California Science Teachers Association

CSTA represents science educators statewide—in every science discipline at every grade level, Kindergarten through University.

Goodbye Outgoing and Welcome Incoming CSTA Board Members

Posted: Wednesday, July 12th, 2017

Jill Grace

Jill Grace, CSTA President, 2017-2019

On July 1, 2017 five CSTA members concluded their service and four new board members joined the ranks of the CSTA Board of Directors. CSTA is so grateful for all the volunteer board of directors who contribute hours upon hours of time and energy to advance the work of the association. At the June 3 board meeting, CSTA was able to say goodbye to the outgoing board members and welcome the incoming members.

This new year also brings with it a new president for CSTA. As of July 1, 2017 Jill Grace is the president of the California Science Teachers Association. Jill is a graduate of California State University, Long Beach, a former middle school science teacher, and is currently a Regional Director with the K-12 Alliance @ WestEd where she works with California NGSS K-8 Early Implementation Initiative districts and charter networks in the San Diego area.

Outgoing Board Members

  • Laura Henriques (President-Elect: 2011 – 2013, President: 2013 – 2015, Past President: 2015 – 2017)
  • Valerie Joyner (Region 1 Director: 2009 – 2013, Primary Director: 2013 – 2017)
  • Mary Whaley (Informal Science Education Director: 2013 – 2017)
  • Sue Campbell (Middle School/Jr. High Director: 2015 – 2017)
  • Marcus Tessier (2-Year College Director: 2015 – 2017)

Learn More…

Written by California Science Teachers Association

California Science Teachers Association

CSTA represents science educators statewide—in every science discipline at every grade level, Kindergarten through University.

Finding My Student’s Motivation of Learning Through Engineering Tasks

Posted: Wednesday, July 12th, 2017

by Huda Ali Gubary and Susheela Nath

It’s 8:02 and the bell rings. My students’ walk in and pick up an entry ticket based on yesterday’s lesson and homework. My countdown starts for students to begin…3, 2, 1. Ten students are on task and diligently completing the work, twenty are off task with behaviors ranging from talking up a storm with their neighbors to silently staring off into space. This was the start of my classes, more often than not. My students rarely showed the enthusiasm for a class that I had eagerly prepared for. I spent so much time searching for ways to get my students excited about the concepts they were learning. I wanted them to feel a connection to the lessons and come into my class motivated about what they were going to learn next. I would ask myself how I could make my class memorable where the kids were in the driver’s seat of learning. Incorporating engineering made this possible. Learn More…

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Written by NGSS Early Implementer

NGSS Early Implementer

In 2015 CSTA began to publish a series of articles written by teachers participating in the California NGSS k-8 Early Implementation Initiative. This article was written by an educator(s) participating in the initiative. CSTA thanks them for their contributions and for sharing their experience with the science teaching community.

State Schools Chief Tom Torlakson Unveils Updated Recommended Literature List

Posted: Wednesday, July 12th, 2017

SACRAMENTO—State Superintendent of Public Instruction Tom Torlakson unveiled an addition of 285 award-winning titles to the Recommended Literature: Prekindergarten Through Grade Twelve list.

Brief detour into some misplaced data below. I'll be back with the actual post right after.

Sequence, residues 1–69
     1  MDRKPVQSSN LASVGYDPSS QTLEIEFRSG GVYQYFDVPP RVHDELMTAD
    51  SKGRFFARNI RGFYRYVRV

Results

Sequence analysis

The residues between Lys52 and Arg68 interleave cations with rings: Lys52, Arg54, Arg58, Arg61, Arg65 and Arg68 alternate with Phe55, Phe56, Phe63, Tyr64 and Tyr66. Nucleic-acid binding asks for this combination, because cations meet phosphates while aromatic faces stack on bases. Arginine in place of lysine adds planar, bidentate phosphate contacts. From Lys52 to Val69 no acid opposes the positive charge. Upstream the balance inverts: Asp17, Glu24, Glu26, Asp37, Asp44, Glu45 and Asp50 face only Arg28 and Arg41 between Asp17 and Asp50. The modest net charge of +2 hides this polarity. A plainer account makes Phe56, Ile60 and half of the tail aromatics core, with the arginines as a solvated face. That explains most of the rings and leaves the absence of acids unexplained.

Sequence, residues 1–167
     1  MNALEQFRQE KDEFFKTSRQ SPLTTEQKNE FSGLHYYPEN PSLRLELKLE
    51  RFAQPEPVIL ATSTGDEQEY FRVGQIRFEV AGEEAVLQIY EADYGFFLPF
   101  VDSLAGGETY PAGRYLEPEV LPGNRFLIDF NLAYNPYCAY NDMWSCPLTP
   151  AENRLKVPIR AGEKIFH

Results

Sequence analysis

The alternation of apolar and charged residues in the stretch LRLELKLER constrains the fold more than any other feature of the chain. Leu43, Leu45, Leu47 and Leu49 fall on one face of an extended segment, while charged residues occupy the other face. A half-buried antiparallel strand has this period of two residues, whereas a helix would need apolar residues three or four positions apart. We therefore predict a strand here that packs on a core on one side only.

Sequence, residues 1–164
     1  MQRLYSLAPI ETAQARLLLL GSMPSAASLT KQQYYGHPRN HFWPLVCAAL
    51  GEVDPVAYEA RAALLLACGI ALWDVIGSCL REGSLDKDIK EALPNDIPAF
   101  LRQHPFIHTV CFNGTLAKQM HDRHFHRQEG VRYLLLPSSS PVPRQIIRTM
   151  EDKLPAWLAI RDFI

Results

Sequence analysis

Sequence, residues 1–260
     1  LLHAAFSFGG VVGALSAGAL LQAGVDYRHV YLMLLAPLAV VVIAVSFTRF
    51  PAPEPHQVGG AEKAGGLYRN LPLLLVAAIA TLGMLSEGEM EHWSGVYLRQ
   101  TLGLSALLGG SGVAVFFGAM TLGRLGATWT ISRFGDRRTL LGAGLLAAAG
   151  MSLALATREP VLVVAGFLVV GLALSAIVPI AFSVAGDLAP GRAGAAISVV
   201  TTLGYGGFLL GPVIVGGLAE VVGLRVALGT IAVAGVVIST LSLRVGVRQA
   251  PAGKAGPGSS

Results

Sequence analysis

“The books our students read help broaden their perspectives, enhance their knowledge, and fire their imaginations,” Torlakson said. “The addition of these award-winning titles represents the state’s continued commitment to the interests and engagement of California’s young readers.”

The Recommended Literature: Prekindergarten Through Grade Twelve list is a collection of more than 8,000 titles of recommended reading for children and adolescents. Reflecting contemporary and classic titles, including California authors, this online list provides an exciting range of literature that students should be reading at school and for pleasure. Works include fiction, nonfiction, poetry, and drama to provide for a variety of tastes, interests, and abilities. Learn More…

Written by Guest Contributor

From time to time CSTA receives contributions from guest contributors. The opinions and views expressed by these contributors are not necessarily those of CSTA. By publishing these articles CSTA does not make any endorsements or statements of support of the author or their contribution, either explicit or implicit. All links to outside sources are subject to CSTA’s Disclaimer Policy: http://www.classroomscience.org/disclaimer.

Teaching Science in the Time of Alternative Facts – Why NGSS Can Help (somewhat)

Posted: Wednesday, July 12th, 2017

by Peter A’Hearn

The father of one of my students gave me a book: In the Beginning: Compelling Evidence for Creation and the Flood by Walt Brown, Ph. D. He had heard that I was teaching Plate Tectonics and wanted me to consider another perspective. The book offered the idea that the evidence for plate tectonics could be better understood if we considered the idea that beneath the continent of Pangaea was a huge underground layer of water that suddenly burst forth from a rift between the now continents of Africa and South America. The waters shot up and the continents hydroplaned apart on the water layer to their current positions. The force of the movement pushed up great mountain ranges which are still settling to this day, resulting in earthquakes along the margins of continents. This had happened about 6,000 years ago and created a great worldwide flood. Learn More…

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Written by Peter AHearn

Peter AHearn

Peter A’Hearn is the Region 4 Director for CSTA.